said Ron Cully, lead product manager for Windows networking.
“Layer 2 Tunneling Protocol gives customers the only standards-based approach to address critical remote access issues, such as user authentication, while also offering standards-based IPSec encryption. This demonstration shows that customers can plan L2TP deployments with confidence they will work together.”
“Quality of Service”
Solution Boosts Network Efficiency
The Windows 2000 demonstrations at N+I also show off a
“quality of service”
(QoS) solution that lets network managers set priorities for the various types of traffic on their networks to guarantee performance for the most business-critical applications at times of the heaviest network use.
For example, a retailer might need to send inventory information from its stores to its regional distribution centers daily by 5 pm — which might be the heaviest traffic time for its network — in order to guarantee overnight delivery of out-of-stock merchandise to the stores the next morning. A QoS solution can give priority to that traffic over all other email and data transfers taking place at the same time.
Until now, QoS solutions have had limited effectiveness because they’ve not involved the applications or operating system that can maximize efficiency and reduce administrative complexity. The demonstrations at N+I highlight the value of end-to-end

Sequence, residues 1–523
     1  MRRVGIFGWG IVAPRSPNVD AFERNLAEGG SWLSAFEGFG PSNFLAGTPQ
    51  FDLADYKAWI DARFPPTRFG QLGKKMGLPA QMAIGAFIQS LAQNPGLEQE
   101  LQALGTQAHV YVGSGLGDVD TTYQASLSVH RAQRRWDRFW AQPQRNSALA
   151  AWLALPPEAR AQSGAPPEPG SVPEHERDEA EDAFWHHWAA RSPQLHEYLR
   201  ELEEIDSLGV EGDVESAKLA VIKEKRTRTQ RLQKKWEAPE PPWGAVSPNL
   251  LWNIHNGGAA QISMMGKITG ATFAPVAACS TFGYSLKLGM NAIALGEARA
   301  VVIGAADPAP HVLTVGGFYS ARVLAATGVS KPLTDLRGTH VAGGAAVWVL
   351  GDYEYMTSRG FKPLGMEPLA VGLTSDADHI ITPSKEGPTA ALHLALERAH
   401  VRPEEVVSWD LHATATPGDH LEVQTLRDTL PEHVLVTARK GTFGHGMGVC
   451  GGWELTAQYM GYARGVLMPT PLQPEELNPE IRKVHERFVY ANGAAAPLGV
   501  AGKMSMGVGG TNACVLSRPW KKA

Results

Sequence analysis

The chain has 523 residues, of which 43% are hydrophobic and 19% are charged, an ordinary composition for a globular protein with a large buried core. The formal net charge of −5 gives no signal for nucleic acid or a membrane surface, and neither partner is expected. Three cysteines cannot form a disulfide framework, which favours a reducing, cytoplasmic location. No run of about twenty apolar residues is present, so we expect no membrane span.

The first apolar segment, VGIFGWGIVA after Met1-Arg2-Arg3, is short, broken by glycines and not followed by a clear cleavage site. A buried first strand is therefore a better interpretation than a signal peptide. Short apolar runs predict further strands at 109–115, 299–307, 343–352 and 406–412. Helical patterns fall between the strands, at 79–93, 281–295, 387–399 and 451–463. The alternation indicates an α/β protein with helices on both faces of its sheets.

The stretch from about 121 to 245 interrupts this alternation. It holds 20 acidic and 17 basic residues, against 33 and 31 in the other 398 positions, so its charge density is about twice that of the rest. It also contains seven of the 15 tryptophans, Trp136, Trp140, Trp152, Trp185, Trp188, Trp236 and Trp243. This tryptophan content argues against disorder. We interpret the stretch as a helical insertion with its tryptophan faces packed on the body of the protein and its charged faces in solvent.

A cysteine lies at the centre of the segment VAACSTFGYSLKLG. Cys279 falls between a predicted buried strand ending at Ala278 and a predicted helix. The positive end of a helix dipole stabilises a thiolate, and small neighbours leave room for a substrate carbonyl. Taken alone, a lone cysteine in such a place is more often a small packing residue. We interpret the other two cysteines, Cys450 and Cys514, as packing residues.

QoS through a multi-vendor solution built from Windows 2000, Cisco infrastructure and policy management, and SAP’s R/3 ERP software.
Through the Windows 2000 generic QoS API, applications like SAP are able to request priority for types of activities that require attention, while other activities are left at
. Windows 2000 uses RSVP to signal the priority request to the network and receive policy back from the network. This approach lets the operating system help enforce network policy and lets the network use a variety of standards-based traffic handling methods to prioritize mission critical applications.
In the demonstrations, a SAP application with QoS priority status sends and receives information in about two seconds during peak network loads, while the same application operating under the same network conditions but without QoS priority status cannot complete its transactions without losing data.
“Windows 2000 raises the bar for QoS solutions because it’s the first platform to participate in an end-to-end QoS approach that allows applications to intelligently participate under the control of the operating system and the network,”
With all parts of the network working together for the first time to facilitate QoS, network managers will realize maximum network efficiency with minimum management overhead. The result is application aware networks and network-aware applications that deliver business-class service.
“With both the VPN and QoS enhancements in Windows 2000, it should be clear that Microsoft has worked hard to make Windows an exceptional networking player in the enterprise networking space,”